Home > Uncategorized > Country Bumpkins, P2P, and the RIAA + Students

Country Bumpkins, P2P, and the RIAA + Students

On October 30, 2007 Ohio University’s Office of Information Technology hosted a P2P forums for students with a panel comprised of industry professionals, faculty, and student senate. The forum lasted 2.5 hours including speeches followed by questions from the audience and online submission. The forum was comprised of:

Eddie Ashworth – Ohio University Telecommunications Professor, Engineer of albums by Sublime, Pennywise and Great White
Jonathan Lamy – Director of Communications, RIAA, six years of experience on Capitol Hill, former Press Secretary for Bread for the World, and OU Alumnus
Jorma Kaukonen – Founding Member of Jefferson Airplane and Hot Tuna, 1996 Inductee to the Rock and Roll Hall of Fame, Owner and operator of the Fur Peace Ranch Guitar Camp. Vanessa Kaukonen – Owner and chief executive officer of the Fur Peace Ranch guitar camp.
Bob Regan – Legislative Chair, NSAI, was instrumental in NSAI’s introduction and passage of the Songwriters Capital Gains Tax Equity Act
Timothy Vonville – OHIO University Student Senate President Vijay Raghavan, Director – Digital Freedom University and Digital Freedom Campaign Stewart Harris – Composer, songwriter, producer, publisher, and president of Edisto Sound

Eddie Ashworth was the first to talk, flat out saying music piracy may only account for 5% of a drop in record sales. The record industry has gone through ups and downs before and in today’s day and age, money is being spent on movies, video games and other forms of media as well. Something has to give a little, right? Well no one apparently took what Mr. Ashworth said to heart.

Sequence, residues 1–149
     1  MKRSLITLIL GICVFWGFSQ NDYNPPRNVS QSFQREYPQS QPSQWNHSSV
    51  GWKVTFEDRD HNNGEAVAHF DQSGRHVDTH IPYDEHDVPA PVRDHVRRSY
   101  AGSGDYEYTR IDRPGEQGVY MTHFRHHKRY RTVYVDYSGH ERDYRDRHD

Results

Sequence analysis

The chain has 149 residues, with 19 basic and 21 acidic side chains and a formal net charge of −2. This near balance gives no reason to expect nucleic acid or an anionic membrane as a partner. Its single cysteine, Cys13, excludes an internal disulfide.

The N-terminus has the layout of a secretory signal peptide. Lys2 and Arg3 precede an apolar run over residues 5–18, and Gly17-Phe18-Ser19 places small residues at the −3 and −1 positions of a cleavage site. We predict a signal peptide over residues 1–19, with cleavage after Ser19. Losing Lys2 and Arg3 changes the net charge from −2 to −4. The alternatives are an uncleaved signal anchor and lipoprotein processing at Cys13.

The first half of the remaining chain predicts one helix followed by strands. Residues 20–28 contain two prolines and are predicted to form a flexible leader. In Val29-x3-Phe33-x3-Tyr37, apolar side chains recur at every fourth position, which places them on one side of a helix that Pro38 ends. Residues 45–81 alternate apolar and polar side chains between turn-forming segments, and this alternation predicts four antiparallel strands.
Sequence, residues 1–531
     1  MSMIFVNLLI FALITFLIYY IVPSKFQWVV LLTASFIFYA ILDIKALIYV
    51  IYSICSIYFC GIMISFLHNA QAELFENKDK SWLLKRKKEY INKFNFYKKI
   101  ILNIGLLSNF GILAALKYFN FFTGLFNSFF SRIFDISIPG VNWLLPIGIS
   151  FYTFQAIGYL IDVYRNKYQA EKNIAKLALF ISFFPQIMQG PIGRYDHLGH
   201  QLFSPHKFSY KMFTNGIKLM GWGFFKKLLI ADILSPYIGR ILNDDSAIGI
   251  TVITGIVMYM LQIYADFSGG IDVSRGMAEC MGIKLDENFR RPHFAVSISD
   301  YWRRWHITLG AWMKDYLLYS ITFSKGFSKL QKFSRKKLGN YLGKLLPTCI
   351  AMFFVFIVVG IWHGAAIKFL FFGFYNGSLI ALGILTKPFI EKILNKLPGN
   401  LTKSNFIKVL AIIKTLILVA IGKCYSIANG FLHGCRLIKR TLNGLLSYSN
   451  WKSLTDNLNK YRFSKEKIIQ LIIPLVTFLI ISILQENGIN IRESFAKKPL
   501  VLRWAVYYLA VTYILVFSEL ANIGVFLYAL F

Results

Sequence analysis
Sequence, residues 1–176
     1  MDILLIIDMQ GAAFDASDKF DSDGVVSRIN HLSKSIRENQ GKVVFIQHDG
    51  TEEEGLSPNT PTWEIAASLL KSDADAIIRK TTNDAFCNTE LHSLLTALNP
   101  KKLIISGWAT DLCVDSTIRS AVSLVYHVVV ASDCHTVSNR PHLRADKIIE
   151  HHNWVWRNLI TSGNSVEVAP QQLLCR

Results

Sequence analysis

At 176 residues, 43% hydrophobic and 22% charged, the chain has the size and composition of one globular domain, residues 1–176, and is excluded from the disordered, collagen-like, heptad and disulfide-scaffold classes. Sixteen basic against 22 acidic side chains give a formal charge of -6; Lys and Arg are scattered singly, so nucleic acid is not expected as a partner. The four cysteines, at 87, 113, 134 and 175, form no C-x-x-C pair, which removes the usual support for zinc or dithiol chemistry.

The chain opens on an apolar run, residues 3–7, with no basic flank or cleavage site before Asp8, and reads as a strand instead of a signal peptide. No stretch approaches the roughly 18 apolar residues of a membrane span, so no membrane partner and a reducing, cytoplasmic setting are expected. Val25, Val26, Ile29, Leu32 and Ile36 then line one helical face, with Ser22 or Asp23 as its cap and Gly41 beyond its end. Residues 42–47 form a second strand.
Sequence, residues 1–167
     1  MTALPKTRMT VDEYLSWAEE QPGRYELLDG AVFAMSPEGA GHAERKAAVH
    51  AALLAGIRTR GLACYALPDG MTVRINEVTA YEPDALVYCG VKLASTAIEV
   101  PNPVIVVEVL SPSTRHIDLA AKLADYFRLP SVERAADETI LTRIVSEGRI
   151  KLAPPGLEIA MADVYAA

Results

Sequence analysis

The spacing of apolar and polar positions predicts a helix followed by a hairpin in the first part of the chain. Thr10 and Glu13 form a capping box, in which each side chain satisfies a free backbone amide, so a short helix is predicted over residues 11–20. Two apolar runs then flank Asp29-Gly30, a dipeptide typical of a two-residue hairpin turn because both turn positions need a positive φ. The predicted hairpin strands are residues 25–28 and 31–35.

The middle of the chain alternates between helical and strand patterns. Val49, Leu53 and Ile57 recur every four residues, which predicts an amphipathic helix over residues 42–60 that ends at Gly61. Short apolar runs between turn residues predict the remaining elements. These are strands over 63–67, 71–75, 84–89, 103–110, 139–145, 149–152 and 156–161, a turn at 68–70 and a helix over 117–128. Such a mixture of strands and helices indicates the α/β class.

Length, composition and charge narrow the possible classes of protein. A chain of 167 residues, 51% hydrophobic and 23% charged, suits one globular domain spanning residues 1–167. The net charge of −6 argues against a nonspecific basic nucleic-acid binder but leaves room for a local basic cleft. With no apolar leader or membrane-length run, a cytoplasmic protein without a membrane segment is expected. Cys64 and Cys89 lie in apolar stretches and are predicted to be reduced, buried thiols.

Up next was the RIAA hack, Jonathan Lamy. Completely disregarding the previously stated statistical facts by saying piracy has generated a 33% loss in industry revenue. He also went on a political rant about how the RIAA first tried education and other methods before suing children and coercing universities for student information, but they had failed or not brought about the results demanded.

I’ll skip ahead for a minute to Vijay Raghavan who took on the role of pointing out the ridiculous nature of the music industry and the RIAA. Vijay spoke what we have been saying for years. The music industry would not adopt digital distribution when it came on the scene and began alienating its user base when they were ready to move ahead. Mr. Lamy explained that you can’t just flip a switch, but he failed to acknowledge how the industry refused to do anything and further claimed Apple was partially to blame for not licensing its DRM to other companies. DRM is a company secret, not a product. When something is licensed the secret is out. Vijay was also quick to point out DRM is ridiculous in the first place for digital downloads because CD’s do NOT have DRM. It’s ineffective.

The rest of the panel was a group of country music songwriters and CEO of the Fur Peace Ranch guitar camp. Along with them was the founder of Jefferson airplane, Jorma Kaukonen. Vanessa Kaukonen was the most unintelligible of the bunch almost seeming afraid to make statement in that she me piss off the RIAA and find herself in a world of hurt. As far as her husband goes, Jorma Kaukonen, I’m sorry but no one cares about Jefferson Airplane anymore and anyone that still does or is interested in his solo career are probably not pirating music. There’s a bit of a generational gap there. Bob Regan was by far the most entertaining of the bunch aside from Stewart Harris’ brick analogy. What was that? Sorry Stewart, but when a CD sucks, it’s a coaster, not a brick. Did you know Mr. Regan only makes $22,000 if he writes a song on a platinum selling album, only $22 grand?!